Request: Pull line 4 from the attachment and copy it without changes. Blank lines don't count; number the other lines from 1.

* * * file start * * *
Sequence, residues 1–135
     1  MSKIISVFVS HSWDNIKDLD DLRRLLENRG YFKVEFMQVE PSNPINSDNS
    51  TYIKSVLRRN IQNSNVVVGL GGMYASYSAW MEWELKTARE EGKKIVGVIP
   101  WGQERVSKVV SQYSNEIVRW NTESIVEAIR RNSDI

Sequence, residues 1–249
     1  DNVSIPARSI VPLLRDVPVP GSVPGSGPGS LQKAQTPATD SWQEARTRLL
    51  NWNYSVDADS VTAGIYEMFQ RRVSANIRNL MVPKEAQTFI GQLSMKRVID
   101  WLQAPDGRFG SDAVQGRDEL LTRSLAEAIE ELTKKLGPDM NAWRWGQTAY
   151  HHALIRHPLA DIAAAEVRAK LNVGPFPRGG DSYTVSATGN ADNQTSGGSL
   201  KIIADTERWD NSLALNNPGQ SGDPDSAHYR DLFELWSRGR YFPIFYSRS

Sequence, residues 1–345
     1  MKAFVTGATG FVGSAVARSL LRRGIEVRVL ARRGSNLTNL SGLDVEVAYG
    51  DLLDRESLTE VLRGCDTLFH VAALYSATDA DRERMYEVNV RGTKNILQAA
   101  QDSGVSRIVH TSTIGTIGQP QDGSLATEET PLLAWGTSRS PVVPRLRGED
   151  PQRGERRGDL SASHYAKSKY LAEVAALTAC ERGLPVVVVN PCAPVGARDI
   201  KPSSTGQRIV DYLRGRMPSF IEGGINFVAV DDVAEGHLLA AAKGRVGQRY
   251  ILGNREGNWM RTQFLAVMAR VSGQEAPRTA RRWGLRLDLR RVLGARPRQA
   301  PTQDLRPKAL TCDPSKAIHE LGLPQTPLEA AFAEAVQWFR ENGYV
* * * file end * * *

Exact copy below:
   101  WGQERVSKVV SQYSNEIVRW NTESIVEAIR RNSDI